Endangered languages

Babel’s cradle: Over 850 languages are spoken in Papua New Guinea alone.

Over 2,000 languages have fewer than 1,000 speakers. More than half of the world’s languages are in danger of dying out by the end of the century. What are they and how can we save them?

  • What is an endangered language?

    UNESCO divides endangered languages into five categories. The most critically endangered languages are only spoken infrequently by grandparents and older generations.

    Across the globe, 94% of the population speaks 6% of all languages in existence. Out of more than 7,000 languages, half the world speaks only 24 of them.

    Some languages with very few speakers are not classed as endangered. For example, Hawaiian has only around 1,000 speakers but that number is stable, and the language is taught in schools.

    Equally, some languages in Indonesia have as many as two million speakers, but they are vulnerable because they are only spoken by older generations.

  • How many endangered languages are there?

    Around 2,000 languages have fewer than 1,000 speakers. According to a 2005 study, 473 of the world’s living languages are critically endangered.

    Linguists say we are living through a mass extinction of languages, with one dying out every two weeks. According to experts, 50% to 90% of the world’s languages could be extinct by the year 2100.

  • What is the world’s most endangered language?

    There are 64 languages that have only one or two speakers left.

    In 2016, the last female speaker of Resígaro (an Amazonian language) was murdered. Her brother Pablo Ocagane is now its last remaining speaker.

    The siblings were taught the dying language by their mother, who was descended from the Resígaro tribe.

  • What are some of the strangest languages?

    Basque, which is spoken by 660,000 people in Spain and France, is totally unrelated to any other known language in the world. Classed as a language isolate, experts say it is a relic of European languages during the Neolithic period.

    Some African languages use clicking sounds. In Botswana, all speakers of the Taa language develop a unique a lump on their larynx from speaking the five basic clicks and 17 variations.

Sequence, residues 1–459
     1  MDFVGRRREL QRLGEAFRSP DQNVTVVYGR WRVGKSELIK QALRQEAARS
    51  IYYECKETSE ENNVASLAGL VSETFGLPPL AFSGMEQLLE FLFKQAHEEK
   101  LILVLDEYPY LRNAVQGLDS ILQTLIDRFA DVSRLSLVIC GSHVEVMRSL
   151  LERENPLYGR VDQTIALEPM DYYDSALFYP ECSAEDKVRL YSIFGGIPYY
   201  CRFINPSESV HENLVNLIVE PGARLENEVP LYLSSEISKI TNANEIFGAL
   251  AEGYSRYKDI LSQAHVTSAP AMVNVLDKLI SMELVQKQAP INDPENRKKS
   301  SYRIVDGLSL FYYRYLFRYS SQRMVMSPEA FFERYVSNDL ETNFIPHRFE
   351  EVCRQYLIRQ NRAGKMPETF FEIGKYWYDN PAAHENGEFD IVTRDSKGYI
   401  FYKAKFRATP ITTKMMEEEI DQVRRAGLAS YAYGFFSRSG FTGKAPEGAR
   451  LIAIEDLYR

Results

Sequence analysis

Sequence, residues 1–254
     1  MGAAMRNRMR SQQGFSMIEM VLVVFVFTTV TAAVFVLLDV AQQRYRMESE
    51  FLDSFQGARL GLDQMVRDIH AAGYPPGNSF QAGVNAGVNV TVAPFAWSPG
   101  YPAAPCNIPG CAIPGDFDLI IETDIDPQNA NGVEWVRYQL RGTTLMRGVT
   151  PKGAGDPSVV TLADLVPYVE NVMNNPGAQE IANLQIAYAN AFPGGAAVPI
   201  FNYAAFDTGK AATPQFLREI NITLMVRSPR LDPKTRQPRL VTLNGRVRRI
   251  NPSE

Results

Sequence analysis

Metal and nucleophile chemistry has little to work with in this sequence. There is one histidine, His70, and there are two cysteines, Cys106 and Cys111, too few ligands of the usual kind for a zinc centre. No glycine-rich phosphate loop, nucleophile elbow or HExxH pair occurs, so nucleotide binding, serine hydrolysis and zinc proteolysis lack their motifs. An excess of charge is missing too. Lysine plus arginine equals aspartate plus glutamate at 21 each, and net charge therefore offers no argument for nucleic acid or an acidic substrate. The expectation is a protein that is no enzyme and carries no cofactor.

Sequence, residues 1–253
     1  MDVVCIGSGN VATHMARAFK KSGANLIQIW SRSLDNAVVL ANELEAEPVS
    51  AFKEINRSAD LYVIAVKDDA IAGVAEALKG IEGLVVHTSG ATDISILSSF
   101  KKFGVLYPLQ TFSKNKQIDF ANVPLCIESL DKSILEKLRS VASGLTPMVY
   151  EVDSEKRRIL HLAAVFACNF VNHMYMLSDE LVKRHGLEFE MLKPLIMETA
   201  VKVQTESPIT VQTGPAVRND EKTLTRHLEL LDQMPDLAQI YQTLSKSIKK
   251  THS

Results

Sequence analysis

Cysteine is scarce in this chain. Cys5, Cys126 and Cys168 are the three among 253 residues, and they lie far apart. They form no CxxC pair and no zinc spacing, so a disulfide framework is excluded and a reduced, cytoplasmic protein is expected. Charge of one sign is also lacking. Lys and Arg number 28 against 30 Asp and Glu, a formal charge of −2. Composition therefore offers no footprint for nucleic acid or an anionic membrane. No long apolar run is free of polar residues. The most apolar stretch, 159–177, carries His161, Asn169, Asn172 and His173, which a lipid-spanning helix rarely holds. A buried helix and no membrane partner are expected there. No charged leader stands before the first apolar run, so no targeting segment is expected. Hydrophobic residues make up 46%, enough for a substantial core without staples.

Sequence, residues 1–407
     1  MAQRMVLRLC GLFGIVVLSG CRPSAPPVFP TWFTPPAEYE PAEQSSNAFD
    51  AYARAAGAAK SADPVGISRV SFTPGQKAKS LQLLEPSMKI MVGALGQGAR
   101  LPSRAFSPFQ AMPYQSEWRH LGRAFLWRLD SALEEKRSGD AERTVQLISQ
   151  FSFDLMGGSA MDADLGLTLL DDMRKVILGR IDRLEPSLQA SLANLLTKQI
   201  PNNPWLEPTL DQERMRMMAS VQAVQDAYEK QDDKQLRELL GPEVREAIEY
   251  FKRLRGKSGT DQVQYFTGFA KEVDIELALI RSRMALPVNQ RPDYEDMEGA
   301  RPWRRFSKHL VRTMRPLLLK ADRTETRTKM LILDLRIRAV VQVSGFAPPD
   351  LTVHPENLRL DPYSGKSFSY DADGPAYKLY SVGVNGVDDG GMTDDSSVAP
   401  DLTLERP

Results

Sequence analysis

Other languages have unique linguistic features. Speakers of the South American Aymara language think of the past as in front of them and the future as behind them.

    The Chalcatongo Mixtec language (spoken by 6,000 people in Oaxaca, Mexico) is officially the world’s weirdest language.

    “In this context, ‘weird’ means roughly [that it] has linguistic features that are unlike those of most other languages,” wrote linguist Victor Mair. The language has no way of differentiating yes or no questions. For example, there is no difference between saying: “Is this bad?” and “This is bad.”

  • Why are languages dying out?

    While different tribes once spoke many varied languages, as modern societies formed it became beneficial to speak the language of the majority. Historically, colonisation and warfare has seen hundreds of languages eradicated by force.

    In the 20th century, globalisation and new technology have hastened the rate of language death.

    English is the dominant language of the internet. There are now many millions more people who speak English as a second language than there are native English speakers.

  • Can they be saved?

    “When humanity loses a language, we also lose the potential for greater diversity in art, music, literature, and oral traditions,” says Wikitongues founder Bogre Udell.

    Since 2014, Wikitongues has been trying to create a public archive of every language in the world.

    Many countries also have laws to protect regional languages.

    There are success stories. After going extinct in the 1880s, Cornish was taken off the UN’s list of endangered languages in 2010. Some speakers are now raising their children to speak Cornish as a first language.

You Decide

  1. Should we try to save rare languages?


  1. Learn 10 words from one of the endangered languages mentioned in this article.

Word Watch

Critically endangered
The categories include: vulnerable, definitely endangered, severely endangered, critically endangered and extinct. Vulnerable languages are spoken by almost all children, but only in certain environments like at home.
Language isolate
Other famous examples of language isolates are Korean, Ainu (a Japanese language) and Sumerian (an ancient Mesopotamian language).
Roughly between 10,000 BC and 4500 BC. Also known as the New Stone Age.
The voice box in your throat.
When businesses or organisations grow so big that they have power and influence across the world.

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